Waste Management Licensing Regulations

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The Waste Management Licensing Regulations 1994 (S.I. 1994/1056) formerly applied in Great Britain (England, Scotland and Wales) to those persons involved in the collection, storage, treatment and disposal of controlled wastes. The regulations dictate the licensing of persons or businesses involved in the management of waste and relate directly to the licensing of a site or activity to carry out the management, processing and disposal of wastes. (Note: The regulations were superseded in 2007 after the formation of the "permitting regulations".) These activities were previously covered by provisions contained within the Control of Pollution Act 1974 (COPA). The regulations implement certain provisions of European Directive 91/156/EEC and are enacted under the Environmental Protection Act 1990.

A licence is required to authorise the:

Licensing[edit]

On April 6, 2008, the Waste Management Licensing Regulations were replaced for England and Wales by the Environmental Permitting Regulations 2007. There are no longer separate regulation regimes for waste management and PPC (Pollution Prevention Control) activities, with both being regulated by way of Environmental Permits.[1]

In order to obtain a licence certain conditions must be met. These fall into 3 categories which are aimed to ensure that waste management is in the hands of "fit and proper persons".

  • Technical competence
This generally requires involvement of the Waste management training board WAMITAB.
there is a requirement that managers of the facilities have obtained the relevant Certificate of Technical Competence (CoTC) in which there are a number of levels.
  • Relevant offences

That the company, or persons acting for the company, should not have any summary convictions relating to provisions of regulations affecting the industry. A licence can be subsequently revoked if a licence holder has ceased to be fit and proper by reason of his having been convicted of a relevant offence.

  • Financial Provision/Security

The applicant would not be regarded as fit and proper if it appears to the waste regulation authority (WRA) that:

He has not made financial provision adequate to discharge the obligations arising from the licence
he either has no intention of making it, or is in no position to make it

As the provision is based on licence conditions, which are variable depending upon the operation, financial provision will be variable. In the case of landfill operations these funds will also be expected to cover the post-closure period where continuing expenditure might be expected for: monitoring replacement of pollution control equipment, and site restoration.

Security (usually in the form of insurance) must also be provided to cover eventualities that would be likely to have higher costs than those planned for in the ordinary course of business, e.g. failure of a landfill containment causing pollution of water courses.

The issues of risk are discussed between all parties involved in the application, i.e. the applicant, WRA and the provider of the cover to decide:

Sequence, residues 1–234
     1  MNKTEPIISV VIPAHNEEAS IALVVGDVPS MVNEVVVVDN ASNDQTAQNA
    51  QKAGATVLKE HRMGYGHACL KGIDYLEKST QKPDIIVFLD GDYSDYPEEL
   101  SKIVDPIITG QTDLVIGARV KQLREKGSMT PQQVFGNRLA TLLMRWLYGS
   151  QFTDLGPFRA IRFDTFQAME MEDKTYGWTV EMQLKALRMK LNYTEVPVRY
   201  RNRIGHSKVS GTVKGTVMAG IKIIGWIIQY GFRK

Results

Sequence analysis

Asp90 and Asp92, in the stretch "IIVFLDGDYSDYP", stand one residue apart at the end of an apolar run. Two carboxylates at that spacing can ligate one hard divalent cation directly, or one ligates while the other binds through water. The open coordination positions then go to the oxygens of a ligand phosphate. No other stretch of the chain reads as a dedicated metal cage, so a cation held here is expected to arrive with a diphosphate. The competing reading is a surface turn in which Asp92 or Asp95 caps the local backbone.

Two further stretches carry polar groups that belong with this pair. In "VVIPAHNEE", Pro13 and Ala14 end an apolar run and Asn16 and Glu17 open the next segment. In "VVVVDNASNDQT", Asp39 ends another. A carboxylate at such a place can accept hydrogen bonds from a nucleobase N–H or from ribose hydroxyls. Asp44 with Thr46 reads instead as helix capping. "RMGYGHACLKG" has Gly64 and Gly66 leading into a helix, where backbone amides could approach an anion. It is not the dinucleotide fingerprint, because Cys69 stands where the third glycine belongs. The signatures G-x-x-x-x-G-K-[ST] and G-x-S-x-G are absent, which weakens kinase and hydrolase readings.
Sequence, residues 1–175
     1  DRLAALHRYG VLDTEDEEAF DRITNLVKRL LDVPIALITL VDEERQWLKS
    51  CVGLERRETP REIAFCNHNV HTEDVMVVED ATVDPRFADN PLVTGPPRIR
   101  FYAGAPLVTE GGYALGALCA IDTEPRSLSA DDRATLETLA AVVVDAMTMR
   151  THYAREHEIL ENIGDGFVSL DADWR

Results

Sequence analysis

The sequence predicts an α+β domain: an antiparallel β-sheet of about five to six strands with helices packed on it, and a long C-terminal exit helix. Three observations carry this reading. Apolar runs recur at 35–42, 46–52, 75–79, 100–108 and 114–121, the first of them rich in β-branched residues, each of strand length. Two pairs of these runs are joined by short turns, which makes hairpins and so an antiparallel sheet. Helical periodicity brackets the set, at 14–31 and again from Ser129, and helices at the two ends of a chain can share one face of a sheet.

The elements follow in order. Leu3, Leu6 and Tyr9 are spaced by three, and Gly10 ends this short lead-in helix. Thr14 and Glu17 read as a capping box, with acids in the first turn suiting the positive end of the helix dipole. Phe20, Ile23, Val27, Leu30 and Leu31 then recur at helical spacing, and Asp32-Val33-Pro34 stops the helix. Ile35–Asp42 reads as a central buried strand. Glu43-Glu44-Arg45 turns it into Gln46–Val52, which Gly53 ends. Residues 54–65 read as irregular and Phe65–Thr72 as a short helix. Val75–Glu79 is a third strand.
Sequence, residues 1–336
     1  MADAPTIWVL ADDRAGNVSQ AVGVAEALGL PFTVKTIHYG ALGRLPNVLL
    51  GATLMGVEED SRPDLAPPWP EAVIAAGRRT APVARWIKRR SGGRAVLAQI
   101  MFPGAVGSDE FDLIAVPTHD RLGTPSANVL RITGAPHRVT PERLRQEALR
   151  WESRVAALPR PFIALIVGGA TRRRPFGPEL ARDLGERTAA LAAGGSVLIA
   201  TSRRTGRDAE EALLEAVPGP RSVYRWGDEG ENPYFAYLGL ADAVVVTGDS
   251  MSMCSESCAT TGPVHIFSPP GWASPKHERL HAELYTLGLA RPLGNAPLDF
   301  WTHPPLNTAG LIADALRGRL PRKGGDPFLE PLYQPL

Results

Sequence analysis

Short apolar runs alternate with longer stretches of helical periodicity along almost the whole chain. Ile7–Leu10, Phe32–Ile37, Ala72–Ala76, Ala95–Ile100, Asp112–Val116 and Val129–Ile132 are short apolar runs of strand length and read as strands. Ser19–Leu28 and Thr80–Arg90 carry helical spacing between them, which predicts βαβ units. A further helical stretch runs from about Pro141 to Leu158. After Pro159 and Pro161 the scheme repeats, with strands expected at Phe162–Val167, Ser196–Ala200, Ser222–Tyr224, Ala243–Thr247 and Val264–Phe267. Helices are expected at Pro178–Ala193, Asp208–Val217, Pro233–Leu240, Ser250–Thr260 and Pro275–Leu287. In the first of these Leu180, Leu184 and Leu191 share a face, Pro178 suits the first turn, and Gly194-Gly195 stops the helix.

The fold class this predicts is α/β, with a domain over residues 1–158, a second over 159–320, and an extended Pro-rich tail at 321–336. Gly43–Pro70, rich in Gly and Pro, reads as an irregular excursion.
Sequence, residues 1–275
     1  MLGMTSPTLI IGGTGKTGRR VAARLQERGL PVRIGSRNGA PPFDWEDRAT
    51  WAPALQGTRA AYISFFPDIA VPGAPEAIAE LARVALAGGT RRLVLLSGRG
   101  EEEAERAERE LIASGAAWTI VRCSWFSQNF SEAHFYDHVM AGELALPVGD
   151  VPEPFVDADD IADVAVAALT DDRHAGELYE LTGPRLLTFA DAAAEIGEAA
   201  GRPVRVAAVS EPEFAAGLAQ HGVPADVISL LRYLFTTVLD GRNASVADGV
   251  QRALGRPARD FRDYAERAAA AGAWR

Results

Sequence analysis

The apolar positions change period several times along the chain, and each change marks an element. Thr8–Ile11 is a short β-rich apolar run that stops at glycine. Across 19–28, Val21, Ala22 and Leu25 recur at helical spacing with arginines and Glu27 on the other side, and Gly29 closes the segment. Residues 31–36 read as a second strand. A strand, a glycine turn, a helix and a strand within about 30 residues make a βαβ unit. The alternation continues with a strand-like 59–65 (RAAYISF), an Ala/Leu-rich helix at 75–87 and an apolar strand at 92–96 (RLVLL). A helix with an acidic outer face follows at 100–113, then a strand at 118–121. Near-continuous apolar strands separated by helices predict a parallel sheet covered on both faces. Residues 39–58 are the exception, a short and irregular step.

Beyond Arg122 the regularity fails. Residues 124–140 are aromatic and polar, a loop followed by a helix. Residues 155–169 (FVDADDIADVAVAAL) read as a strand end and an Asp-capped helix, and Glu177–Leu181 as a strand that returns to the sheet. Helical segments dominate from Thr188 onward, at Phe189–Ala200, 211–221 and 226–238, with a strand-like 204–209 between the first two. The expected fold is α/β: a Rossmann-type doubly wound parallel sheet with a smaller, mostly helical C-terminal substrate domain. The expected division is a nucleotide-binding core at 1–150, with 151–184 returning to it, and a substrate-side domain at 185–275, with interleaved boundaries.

What event would trigger payment
What specific works or other measures are to be covered
The amount of the appropriate cover

Ultimately the WRA needs to be satisfied that adequate cover for risks has been provided; to reinforce this it may be included as part of the licence condition.

Facility[edit]

  • Location/ Siting of Waste Management Facility

The location of the proposed waste management facility must be such that it is not located within 2 kilometers of a SSSI (Site of Special Scientific Interest).

  • Facility Provisions

Permitting (Licensing) requires that for certain installations (notably WEEE and Hazardous Waste treatment facilities), they are of such construction as to prevent the contamination of groundwater and the local environment. The facility must be contained within a building, with impermiable floor (concrete) and no activities may be carried out outside of the demise of the treatment facility.

  • Planning

Planning applications have to be granted prior to the commencement of a waste management application being submitted. This includes a "change of use" planning application. Planning must be granted for the category "Waste" in order to comply with waste management licensing regulations.

  • Baseline Assessment

As part of the license application, a site layout has to be submitted, describing the various activities that are to be undertaken and the location that these activities will be carried out. A baseline assessment of the site is also required, documenting current pollution levels. This assessment defines the condition to which the site is to be returned, at the end of its useful working life,

For Scotland, the 1994 Regulations were replaced by the Waste Management Licensing (Scotland) Regulations 2011 (SSI 2011/228) with effect from 27 March 2011 [2]

See also[edit]

References[edit]

  1. ^ "Archived copy". Archived from the original on 2009-05-02. Retrieved 2009-04-20. 
  2. ^ "The Waste Management Licensing (Scotland) Regulations 2011". Retrieved 26 December 2016.